Scholars as well as thoughtful Christians devote a lot of attention to the early development of Christology. And this makes sense: Christ is the center of the Christian faith, and almost all of the early theological battles fought during the early centuries of the Christian era concerned the nature of Christ and his relationship to the Father. But the downside of this is that the Holy Spirit is all too often neglected in our discussions of Trinitarian theology, both then and now.
Matthew Bates’ book on PE focuses almost exclusively on Christological prosopological exegesis; that is, how early Christians (including Paul!) found evidence for calling Jesus “God” by looking at verses containing dialogue that could be assigned to the Father or to the Son. But Bates, and other PE authors, have comparatively little to say about what I might call Pneumatological prosopological exegesis. The question I’m currently interested in, then, is when the early Christians first assigned the Spirit a speaking role in his own right.
What’s interesting is that by the time of the apologists in the late second and early third century, the Spirit does clearly have just such a speaking role. Tertullian, for instance, makes the claim that there are many texts in the Hebrew Bible in which “the distinctiveness of the Trinity is clearly expounded: for there is the Spirit himself who makes the statement, the Father to whom he makes it, and the Son of whom he makes it. So also the rest, which are statements made sometimes by the Father concerning the Son or to the Son, sometimes by the Son concerning the Father or to the Father, sometimes by the Spirit, establish each Person as being himself and none other” (Adv. Prax. 11). This is a nice summary of what prosopological exegesis is all about, and demonstrates that he believes all three members of the Trinity can be analyzed using PE.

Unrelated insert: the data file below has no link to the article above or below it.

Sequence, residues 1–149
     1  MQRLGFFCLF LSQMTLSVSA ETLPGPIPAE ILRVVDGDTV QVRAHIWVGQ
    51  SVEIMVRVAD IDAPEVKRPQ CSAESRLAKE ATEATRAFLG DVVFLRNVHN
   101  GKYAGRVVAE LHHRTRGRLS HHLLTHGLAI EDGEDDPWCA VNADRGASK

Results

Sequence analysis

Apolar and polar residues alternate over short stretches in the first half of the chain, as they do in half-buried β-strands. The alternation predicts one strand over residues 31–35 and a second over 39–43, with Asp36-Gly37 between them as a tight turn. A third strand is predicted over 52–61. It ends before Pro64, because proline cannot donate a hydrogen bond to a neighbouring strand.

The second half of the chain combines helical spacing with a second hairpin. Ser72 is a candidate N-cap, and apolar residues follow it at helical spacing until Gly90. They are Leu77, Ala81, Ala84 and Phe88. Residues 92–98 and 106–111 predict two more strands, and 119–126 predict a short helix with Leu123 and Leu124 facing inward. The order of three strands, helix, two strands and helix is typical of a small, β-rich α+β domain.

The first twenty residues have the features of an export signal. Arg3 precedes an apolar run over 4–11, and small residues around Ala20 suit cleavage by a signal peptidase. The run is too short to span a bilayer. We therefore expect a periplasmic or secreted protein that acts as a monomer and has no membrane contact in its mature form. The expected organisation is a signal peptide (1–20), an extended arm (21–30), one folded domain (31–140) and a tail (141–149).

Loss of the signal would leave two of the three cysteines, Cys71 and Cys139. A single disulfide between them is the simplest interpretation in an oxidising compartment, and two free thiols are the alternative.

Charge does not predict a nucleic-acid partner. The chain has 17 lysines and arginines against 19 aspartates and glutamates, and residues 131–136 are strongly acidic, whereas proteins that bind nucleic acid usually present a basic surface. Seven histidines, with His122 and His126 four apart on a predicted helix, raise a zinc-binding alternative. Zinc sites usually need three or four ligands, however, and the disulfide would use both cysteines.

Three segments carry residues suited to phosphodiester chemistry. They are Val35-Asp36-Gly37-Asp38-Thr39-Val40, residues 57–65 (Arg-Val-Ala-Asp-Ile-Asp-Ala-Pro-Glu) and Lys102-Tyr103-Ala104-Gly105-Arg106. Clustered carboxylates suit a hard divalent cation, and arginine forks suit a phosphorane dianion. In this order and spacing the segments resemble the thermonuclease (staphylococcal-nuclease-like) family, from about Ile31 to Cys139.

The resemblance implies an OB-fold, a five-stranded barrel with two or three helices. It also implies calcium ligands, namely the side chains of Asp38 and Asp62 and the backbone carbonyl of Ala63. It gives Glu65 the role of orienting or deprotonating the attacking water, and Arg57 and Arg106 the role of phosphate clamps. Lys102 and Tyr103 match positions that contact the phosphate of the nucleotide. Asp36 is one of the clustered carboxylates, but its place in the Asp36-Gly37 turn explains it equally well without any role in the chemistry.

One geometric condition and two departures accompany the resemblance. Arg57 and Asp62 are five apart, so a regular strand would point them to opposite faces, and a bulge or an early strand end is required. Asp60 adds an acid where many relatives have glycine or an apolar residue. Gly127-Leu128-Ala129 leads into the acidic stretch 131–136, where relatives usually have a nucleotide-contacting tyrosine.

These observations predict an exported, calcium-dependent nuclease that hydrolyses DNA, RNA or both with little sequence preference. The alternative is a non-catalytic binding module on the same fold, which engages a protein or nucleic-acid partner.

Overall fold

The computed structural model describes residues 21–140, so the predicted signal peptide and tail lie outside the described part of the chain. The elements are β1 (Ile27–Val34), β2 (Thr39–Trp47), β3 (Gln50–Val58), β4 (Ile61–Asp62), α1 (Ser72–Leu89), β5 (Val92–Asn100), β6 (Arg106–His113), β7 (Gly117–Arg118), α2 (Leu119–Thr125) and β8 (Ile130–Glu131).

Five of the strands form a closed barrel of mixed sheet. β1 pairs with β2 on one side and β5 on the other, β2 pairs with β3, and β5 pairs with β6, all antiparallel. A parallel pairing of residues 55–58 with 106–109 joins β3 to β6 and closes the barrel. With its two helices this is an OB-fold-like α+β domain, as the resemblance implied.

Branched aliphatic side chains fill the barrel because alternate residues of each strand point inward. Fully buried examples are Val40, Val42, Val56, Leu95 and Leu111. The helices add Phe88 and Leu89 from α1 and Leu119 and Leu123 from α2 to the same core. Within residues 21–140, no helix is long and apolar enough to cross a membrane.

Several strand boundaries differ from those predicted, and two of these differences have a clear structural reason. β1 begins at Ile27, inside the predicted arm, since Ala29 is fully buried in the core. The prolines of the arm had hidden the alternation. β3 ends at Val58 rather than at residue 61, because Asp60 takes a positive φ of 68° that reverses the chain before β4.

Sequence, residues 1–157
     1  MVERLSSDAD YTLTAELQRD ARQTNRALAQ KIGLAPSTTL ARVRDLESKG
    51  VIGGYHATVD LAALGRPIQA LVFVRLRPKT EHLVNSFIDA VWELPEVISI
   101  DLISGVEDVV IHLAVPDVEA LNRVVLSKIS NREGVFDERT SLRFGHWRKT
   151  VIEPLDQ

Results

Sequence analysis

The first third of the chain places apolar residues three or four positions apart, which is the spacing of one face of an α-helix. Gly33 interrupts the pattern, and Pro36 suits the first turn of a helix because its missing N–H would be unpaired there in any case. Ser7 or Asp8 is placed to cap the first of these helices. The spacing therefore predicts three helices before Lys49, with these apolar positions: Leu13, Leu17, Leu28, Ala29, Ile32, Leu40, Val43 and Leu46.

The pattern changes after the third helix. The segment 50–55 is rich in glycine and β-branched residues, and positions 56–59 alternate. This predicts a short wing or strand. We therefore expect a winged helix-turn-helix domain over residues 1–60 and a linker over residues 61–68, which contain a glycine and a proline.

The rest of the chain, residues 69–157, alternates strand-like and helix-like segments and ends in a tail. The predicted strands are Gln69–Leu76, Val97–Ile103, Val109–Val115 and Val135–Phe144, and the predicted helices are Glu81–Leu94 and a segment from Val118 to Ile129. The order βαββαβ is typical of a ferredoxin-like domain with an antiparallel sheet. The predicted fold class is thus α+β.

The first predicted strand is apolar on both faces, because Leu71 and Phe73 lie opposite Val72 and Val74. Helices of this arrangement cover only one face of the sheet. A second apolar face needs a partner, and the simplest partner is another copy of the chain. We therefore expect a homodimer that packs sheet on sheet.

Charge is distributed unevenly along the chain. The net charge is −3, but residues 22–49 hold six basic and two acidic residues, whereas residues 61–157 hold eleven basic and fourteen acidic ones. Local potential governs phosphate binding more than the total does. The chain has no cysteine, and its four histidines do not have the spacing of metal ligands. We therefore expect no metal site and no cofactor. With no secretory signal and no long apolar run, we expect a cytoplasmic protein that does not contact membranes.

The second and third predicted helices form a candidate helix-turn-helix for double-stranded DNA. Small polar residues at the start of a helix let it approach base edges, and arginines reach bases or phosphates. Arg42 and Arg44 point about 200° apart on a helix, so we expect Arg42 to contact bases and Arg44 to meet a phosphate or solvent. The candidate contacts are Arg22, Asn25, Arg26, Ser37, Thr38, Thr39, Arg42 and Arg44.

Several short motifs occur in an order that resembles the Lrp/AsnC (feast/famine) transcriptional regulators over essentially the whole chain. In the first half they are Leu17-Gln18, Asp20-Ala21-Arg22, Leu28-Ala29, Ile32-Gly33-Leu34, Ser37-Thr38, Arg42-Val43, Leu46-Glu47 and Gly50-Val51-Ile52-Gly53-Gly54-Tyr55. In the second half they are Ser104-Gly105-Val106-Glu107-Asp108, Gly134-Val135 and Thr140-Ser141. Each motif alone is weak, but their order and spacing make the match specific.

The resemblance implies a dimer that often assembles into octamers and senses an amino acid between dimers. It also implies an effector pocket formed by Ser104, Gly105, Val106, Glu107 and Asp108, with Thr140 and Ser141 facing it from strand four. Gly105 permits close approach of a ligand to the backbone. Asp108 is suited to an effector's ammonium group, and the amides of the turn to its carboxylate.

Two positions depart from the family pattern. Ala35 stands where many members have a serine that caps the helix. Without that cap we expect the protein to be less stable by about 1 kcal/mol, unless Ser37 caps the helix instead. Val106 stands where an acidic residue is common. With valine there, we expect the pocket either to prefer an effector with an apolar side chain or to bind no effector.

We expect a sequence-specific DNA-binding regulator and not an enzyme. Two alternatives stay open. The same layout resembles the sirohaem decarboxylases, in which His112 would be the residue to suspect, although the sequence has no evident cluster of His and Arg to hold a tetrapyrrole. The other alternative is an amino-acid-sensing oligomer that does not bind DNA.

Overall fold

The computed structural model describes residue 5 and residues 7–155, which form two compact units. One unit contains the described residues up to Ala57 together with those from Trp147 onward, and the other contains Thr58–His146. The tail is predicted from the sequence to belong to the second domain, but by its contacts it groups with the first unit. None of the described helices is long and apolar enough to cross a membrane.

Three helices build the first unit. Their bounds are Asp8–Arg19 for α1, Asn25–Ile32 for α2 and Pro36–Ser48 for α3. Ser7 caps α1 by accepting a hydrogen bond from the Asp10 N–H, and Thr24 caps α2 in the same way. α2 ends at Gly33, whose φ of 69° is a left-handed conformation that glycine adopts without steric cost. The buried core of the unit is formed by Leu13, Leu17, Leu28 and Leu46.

Regarding the “statements of the Spirit,” Tertullian furnishes three examples: Ps 110.1; Isa 45.1; and Isa 53.1 (conflated with John 12.38 and Rom 10.16). The standard view is that Tertullian is something of an anamoly in making the Spirit a speaking prosopon in his exegesis of the OT. But what strikes me as odd about this position is that Tertullian (and Justin, for that matter), who time and time again are shown to have adopted the exegetical methods and interpretations of earlier generations of Christians, would on this understanding be required to have more or less come up with this on their own. Rather, it seems much more likely that they are drawing on earlier interpretive practice (as they are no doubt doing with Christological PE, which has roots perhaps as far back as Paul). So: something of a puzzle. I’m currently working on an article that seeks to untangle this mystery (despite it being the summer, I know) – more to come! If anyone has thoughts to share, please feel free to comment below.